Tick-borne meningoencephalitis
Tick-borne encephalitis is a viral infectious disease involving the central nervous system. The disease most often manifests as meningitis, encephalitis, or meningoencephalitis. Although TBE is most commonly recognized as a neurological disorder, mild fever can also occur...

, as well as bovine anaplasmosis
Anaplasmosis
Anaplasmosis is a disease caused by a rickettsial parasite of ruminants, Anaplasma spp. The organism occurs in the white blood cells and is transmitted by natural means through a number of haematophagous species of ticks...

.
There are three families
Family (biology)
In biological classification, family is* a taxonomic rank. Other well-known ranks are life, domain, kingdom, phylum, class, order, genus, and species, with family fitting between order and genus. As for the other well-known ranks, there is the option of an immediately lower rank, indicated by the...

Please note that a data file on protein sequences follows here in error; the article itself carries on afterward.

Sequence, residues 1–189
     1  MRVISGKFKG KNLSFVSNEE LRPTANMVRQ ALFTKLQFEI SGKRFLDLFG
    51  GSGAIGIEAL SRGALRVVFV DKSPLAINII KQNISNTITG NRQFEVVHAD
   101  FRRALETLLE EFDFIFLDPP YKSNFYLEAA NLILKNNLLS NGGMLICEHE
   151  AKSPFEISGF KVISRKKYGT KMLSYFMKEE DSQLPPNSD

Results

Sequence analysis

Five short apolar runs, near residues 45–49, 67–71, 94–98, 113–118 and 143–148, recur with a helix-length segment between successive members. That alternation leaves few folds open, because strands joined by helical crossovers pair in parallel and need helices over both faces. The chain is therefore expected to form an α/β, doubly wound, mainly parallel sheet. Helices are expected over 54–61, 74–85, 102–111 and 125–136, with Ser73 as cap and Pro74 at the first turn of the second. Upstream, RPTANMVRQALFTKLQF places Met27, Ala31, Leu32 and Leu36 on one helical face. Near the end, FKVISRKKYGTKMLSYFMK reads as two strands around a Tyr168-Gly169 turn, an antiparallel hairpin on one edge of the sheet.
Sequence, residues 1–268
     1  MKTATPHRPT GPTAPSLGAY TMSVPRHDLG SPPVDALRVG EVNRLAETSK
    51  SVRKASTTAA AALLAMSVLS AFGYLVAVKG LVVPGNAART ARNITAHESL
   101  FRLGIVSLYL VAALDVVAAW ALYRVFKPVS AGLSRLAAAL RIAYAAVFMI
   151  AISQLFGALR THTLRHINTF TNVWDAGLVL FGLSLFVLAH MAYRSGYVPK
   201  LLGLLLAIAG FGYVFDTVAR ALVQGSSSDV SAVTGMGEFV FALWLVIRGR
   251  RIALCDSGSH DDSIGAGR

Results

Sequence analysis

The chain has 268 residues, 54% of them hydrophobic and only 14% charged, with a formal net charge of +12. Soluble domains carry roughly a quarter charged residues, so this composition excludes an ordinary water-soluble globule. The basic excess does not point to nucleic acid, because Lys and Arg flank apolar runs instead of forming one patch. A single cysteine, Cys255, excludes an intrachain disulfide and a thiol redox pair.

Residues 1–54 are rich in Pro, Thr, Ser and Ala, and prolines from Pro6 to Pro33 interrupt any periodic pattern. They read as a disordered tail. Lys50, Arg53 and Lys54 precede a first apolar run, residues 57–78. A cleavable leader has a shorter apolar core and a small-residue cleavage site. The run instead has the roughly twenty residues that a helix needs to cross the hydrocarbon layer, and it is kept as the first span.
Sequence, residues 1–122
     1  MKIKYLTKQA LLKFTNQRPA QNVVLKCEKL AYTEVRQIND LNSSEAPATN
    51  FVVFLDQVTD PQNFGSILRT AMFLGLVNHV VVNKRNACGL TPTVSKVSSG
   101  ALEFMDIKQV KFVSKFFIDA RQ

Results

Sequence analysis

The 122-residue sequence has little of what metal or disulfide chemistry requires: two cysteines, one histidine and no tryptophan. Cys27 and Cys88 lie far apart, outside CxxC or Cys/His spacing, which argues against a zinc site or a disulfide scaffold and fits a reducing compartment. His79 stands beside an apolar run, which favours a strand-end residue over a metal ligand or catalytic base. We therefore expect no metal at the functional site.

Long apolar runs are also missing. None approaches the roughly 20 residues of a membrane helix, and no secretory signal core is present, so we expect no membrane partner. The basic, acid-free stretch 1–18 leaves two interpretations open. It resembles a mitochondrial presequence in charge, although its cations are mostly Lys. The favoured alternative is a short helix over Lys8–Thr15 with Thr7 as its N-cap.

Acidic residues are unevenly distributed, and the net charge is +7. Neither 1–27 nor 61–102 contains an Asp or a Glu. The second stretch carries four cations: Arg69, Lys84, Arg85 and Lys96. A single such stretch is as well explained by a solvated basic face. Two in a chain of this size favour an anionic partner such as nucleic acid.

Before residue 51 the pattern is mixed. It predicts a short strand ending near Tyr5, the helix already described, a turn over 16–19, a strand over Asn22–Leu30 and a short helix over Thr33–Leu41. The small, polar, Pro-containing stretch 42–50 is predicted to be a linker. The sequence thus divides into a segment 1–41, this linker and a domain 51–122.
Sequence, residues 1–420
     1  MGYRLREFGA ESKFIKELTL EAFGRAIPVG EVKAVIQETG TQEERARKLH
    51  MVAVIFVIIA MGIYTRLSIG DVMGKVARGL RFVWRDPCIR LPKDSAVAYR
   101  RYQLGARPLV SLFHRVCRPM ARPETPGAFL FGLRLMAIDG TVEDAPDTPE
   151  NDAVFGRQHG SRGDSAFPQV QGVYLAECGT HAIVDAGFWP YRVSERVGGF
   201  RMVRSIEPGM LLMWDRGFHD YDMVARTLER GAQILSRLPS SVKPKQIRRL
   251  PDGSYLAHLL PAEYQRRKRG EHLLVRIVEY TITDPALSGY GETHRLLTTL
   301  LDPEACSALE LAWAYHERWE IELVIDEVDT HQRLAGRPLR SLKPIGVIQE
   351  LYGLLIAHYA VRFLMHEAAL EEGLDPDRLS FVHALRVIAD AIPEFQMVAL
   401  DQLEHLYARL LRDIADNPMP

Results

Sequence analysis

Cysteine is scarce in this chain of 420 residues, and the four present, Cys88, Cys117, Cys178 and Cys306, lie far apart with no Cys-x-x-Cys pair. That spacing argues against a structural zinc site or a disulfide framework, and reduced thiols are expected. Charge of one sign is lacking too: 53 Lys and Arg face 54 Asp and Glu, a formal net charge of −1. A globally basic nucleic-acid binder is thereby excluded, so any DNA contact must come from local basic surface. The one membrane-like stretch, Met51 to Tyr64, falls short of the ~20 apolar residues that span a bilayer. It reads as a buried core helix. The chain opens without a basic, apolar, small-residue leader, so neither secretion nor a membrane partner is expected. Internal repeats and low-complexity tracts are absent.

of ticks, one of which – Nuttalliellidae
Nuttalliellidae
Nuttalliella namaqua is a tick found in southern Africa from Tanzania to Namibia and South Africa, which is placed in its own family, Nuttalliellidae. It can be distinguished from ixodid ticks and argasid ticks by a combination of characters including the position of the stigmata, lack of setae,...

 – comprises a single species, Nuttalliella namaqua.
Encyclopedia
Ticks are small arachnid
Arachnid
Arachnids are a class of joint-legged invertebrate animals in the subphylum Chelicerata. All arachnids have eight legs, although in some species the front pair may convert to a sensory function. The term is derived from the Greek words , meaning "spider".Almost all extant arachnids are terrestrial...

s in the order
Order (biology)